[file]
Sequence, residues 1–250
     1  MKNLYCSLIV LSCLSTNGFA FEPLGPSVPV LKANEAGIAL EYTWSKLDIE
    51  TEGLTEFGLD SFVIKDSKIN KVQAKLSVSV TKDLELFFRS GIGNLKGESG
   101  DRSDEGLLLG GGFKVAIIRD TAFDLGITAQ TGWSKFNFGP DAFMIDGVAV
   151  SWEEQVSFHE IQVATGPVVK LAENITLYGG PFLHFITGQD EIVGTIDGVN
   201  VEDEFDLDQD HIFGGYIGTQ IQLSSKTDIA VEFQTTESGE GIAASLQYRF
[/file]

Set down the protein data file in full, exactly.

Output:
Sequence, residues 1–250
     1  MKNLYCSLIV LSCLSTNGFA FEPLGPSVPV LKANEAGIAL EYTWSKLDIE
    51  TEGLTEFGLD SFVIKDSKIN KVQAKLSVSV TKDLELFFRS GIGNLKGESG
   101  DRSDEGLLLG GGFKVAIIRD TAFDLGITAQ TGWSKFNFGP DAFMIDGVAV
   151  SWEEQVSFHE IQVATGPVVK LAENITLYGG PFLHFITGQD EIVGTIDGVN
   201  VEDEFDLDQD HIFGGYIGTQ IQLSSKTDIA VEFQTTESGE GIAASLQYRF